Crossroads ~ The new ‘chic’?

Date: 2 Nov 2011

Author: Tim

As you may have read at RVN previously we are strong advocates of safety on the internet and in general if you are a member of the community, we have always recommended certain steps that can be taken to ensure that your privacy and security are paramount considerations. We have also reported on the mostly unfavourable newspaper reports about those who commit crimes and then claim or blame the “vampire” in them.

Another trend that has, for some time now, been gathering momentum is the willingness to engage other forms of media to thrust the lifestyle and hence the community into the public eye.

Non-fiction vampire written media has been gathering strength with the likes of Katherine Ramsland’s The Science of Vampires and Joseph Laycock’s Vampires Today: The Truth about modern Vampires, and along with that the engagement of more visual forms of interaction such as television and documentary appearances by community members.

Recently a report appeared in the Buffalo News about a new study of the vampire subculture today [1]. There have been, in the not too distant past, appearances on television talk shows where people have gone to the extraordinary lengths of being wheeled on-stage in coffins and such things. All in all the “real” vampire is becoming more of a modern phenomenon than a matter of fiction and folklore.

It is then for each member of the community to decide whether this representation sits well with them or not.

There are certainly many generalizations made in reference to the vampire/online vampire community and those generalizations, reaching hundreds, thousands or tens of thousands of viewers are going to be what determines the overall public perception of the communities.

For example; in a recent news story published at Buffalo News, a comment was presented that said, in essence, ‘the number of members of the real vampire communities numbers between 3,000 and 8,000 but of that number probably only 20% were actually real modern vampires’. If that observation is true, and based on solid evidence and supportable figures, then that means of the total membership attributed to the communities, at the lower figure of three thousand then only 600 members are “real” modern vampires; even if we take the higher figure we are still left with a population figure of 1600 “real” modern vampires.

Back in 2009 some research was done, and discussion entered into, by several community members that was aimed at trying to determine if there was a way to calculate the global “real” vampire population. Membership figures were drawn from 25 of the days top ranking; in terms of membership, internet sites and that yielded a population of 39,643 persons inhabiting the sample of the OVC. Even after adopting some quite brutal variables to allow for discrepancies in cross-over memberships, role-player members and other non-vampires we arrived at a possible figure of around 11, 892 people who could quite reasonably be held to be “real” vampires [3]. So, you can see, depending on who is doing the counting, the assuming and the theorizing, the population figures are quite dramatically different. The fact is no one knows how many “real” vampires there are in the world today.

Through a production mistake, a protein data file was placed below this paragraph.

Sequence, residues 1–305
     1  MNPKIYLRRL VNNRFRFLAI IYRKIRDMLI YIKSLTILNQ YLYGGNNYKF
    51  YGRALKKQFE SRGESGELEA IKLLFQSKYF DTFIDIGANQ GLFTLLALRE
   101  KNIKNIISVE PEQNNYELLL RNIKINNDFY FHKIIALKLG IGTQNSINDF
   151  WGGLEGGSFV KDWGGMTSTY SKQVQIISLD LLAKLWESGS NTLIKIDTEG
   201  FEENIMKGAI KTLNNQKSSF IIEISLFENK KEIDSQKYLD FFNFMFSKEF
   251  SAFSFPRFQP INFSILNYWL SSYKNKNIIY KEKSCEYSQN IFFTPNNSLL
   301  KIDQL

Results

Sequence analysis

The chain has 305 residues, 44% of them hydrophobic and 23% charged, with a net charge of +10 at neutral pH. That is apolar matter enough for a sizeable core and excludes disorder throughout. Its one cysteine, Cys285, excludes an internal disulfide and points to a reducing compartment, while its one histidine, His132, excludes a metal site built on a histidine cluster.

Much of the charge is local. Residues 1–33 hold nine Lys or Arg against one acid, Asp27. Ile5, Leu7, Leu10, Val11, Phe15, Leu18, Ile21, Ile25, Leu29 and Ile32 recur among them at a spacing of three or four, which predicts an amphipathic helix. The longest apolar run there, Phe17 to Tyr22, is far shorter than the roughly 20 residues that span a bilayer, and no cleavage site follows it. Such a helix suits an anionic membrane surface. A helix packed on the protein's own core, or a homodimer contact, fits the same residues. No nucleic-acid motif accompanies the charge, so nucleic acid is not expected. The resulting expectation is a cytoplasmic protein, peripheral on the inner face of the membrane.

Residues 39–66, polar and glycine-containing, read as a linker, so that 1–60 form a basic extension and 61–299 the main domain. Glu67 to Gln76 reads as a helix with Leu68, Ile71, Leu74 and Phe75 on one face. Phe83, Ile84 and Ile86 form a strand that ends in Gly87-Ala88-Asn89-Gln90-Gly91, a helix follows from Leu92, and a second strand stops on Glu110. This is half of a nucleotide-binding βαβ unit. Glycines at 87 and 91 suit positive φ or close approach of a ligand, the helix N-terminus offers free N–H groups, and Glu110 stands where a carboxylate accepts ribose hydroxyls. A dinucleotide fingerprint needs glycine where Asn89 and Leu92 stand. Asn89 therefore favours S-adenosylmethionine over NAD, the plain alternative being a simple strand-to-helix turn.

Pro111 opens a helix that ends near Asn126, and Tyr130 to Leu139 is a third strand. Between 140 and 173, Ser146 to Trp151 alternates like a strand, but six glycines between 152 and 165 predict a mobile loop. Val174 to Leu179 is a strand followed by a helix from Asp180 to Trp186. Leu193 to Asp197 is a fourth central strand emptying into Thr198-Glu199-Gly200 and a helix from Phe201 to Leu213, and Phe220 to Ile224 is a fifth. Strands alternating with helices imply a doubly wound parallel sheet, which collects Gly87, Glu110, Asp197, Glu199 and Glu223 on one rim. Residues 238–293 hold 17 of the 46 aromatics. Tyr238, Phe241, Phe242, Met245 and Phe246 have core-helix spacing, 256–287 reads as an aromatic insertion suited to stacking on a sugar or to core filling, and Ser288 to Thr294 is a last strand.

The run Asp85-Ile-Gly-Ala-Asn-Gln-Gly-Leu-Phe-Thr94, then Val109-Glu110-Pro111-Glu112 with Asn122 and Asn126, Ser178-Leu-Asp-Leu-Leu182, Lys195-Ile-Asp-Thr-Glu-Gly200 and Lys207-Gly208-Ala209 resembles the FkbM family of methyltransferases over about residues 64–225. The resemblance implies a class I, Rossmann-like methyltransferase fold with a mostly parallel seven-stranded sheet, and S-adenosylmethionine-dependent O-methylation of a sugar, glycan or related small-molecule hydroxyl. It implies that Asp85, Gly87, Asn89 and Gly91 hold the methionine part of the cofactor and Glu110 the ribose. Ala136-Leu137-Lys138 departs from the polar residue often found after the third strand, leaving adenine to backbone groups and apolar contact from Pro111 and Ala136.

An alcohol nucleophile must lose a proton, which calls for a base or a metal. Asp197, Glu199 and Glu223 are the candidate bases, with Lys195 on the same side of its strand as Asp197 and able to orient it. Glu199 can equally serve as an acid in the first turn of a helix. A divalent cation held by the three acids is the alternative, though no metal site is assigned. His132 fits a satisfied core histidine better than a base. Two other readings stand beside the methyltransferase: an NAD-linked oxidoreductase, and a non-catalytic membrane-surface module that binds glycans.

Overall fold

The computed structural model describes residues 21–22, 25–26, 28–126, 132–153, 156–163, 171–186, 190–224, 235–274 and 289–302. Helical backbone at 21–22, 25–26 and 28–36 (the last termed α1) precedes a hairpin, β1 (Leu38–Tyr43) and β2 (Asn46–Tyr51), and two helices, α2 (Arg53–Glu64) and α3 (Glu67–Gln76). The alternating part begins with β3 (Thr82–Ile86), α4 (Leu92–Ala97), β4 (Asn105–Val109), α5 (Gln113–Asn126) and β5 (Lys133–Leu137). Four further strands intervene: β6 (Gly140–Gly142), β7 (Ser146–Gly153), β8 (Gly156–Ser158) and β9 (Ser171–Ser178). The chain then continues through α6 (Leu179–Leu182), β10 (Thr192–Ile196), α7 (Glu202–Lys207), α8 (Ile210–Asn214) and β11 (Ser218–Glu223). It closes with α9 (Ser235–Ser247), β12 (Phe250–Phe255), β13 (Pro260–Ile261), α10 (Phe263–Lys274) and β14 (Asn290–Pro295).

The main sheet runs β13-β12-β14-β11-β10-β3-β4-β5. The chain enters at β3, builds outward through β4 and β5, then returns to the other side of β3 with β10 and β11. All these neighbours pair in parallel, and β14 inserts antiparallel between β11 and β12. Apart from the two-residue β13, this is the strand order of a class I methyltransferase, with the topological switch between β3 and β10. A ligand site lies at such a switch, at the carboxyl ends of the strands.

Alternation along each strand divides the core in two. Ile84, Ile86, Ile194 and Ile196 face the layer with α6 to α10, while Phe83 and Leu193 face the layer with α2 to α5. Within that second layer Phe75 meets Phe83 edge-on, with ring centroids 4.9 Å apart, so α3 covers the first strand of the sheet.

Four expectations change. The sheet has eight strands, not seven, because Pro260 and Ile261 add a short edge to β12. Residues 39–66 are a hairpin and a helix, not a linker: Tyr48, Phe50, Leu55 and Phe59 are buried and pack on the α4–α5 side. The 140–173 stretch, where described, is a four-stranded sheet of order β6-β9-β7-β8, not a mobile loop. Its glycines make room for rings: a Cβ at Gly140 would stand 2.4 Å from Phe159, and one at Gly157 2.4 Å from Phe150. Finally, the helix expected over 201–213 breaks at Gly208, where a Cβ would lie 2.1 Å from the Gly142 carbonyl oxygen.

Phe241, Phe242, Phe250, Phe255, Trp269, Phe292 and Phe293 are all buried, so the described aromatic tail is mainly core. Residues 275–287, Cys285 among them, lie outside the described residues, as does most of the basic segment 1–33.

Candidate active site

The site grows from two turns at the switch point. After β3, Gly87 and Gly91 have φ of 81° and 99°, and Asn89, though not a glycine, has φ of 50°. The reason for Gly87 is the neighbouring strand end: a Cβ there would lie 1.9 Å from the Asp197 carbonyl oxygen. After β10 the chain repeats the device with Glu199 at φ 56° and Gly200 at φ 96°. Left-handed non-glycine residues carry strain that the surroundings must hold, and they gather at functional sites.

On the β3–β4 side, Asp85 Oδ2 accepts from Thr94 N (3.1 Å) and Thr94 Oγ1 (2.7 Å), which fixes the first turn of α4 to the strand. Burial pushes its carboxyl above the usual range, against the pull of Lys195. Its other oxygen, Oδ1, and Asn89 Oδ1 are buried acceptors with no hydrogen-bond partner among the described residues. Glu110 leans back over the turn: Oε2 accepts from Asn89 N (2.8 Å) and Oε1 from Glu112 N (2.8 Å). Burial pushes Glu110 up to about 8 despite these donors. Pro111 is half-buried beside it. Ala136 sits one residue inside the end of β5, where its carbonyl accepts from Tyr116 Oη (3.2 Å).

The written media on vampire matters has been treated in a scholarly fashion and a non-fiction light since The Book of Prophecy was written in 1047 AD for Vladimir Jaroslav, Prince of Novgorod, in North-Western Russia. Through various authors such as William of Newburgh, Ludovici Maria Sinistrari, Leo Allatius, Dom Augustin Calmet, Giuseppe Davanzati, Z.J. Piérart, Montague Summers, Dion Fortune, Jeanne K. Youngson, Sean Manchester, Donald Glut, Martin V. Riccardo, Michelle Belanger, Katherine Ramsland and right up to Joseph Laycock in 2010 the reality of vampires has been under scrutiny for centuries. From around the early 90’s when George Hamilton hosted a special on Dracula [4] there have been quite a prolific number of documentaries dealing with Count Dracula and the myths and folklore surrounding vampires, then, in 2005 A&E’s Secret Lives of Vampires featured interviews with Michelle Belanger of House Kheperu and Lady CG of Smoke & Mirrors for their documentary [5]. That was followed up in 2006 with History Channel’s Vampire Secrets featuring Father Sebastiaan, Michelle Belanger, ‘Vlad’ and ‘Sky’. The vampire in the televised media was becoming less associated with the mythology and more “real” than ever before with modern living vampires talking, on film, about life as a vampire and these documentaries were providing people not involved in the culture the important opportunity to hear and see what it was actually all about.

Nowadays, amongst the deluge of “Twilight”, “True Blood” and the like we are seeing more “air-time” given over to real vampires.and “quasi-official” opinions and statements being made in widely distributable news media from prominent community members [1] it forces us to face the fact that whether the community likes it, in general, or not it is being exposed to scrutiny but is it in the name of the community or is it in the name of personal exposure and commercialism? Is it becoming “chic” to be less a “real” vampire and more a “Media-vamp”?

1. Buffalo News: ‘Unearthing real vampire culture

 

3. Smoke & Mirrors: ‘Vampyre Population

4. Dracula Hosted by George Hamilton

5. A&E’s Secret Life of Vampires Pt. 1

 

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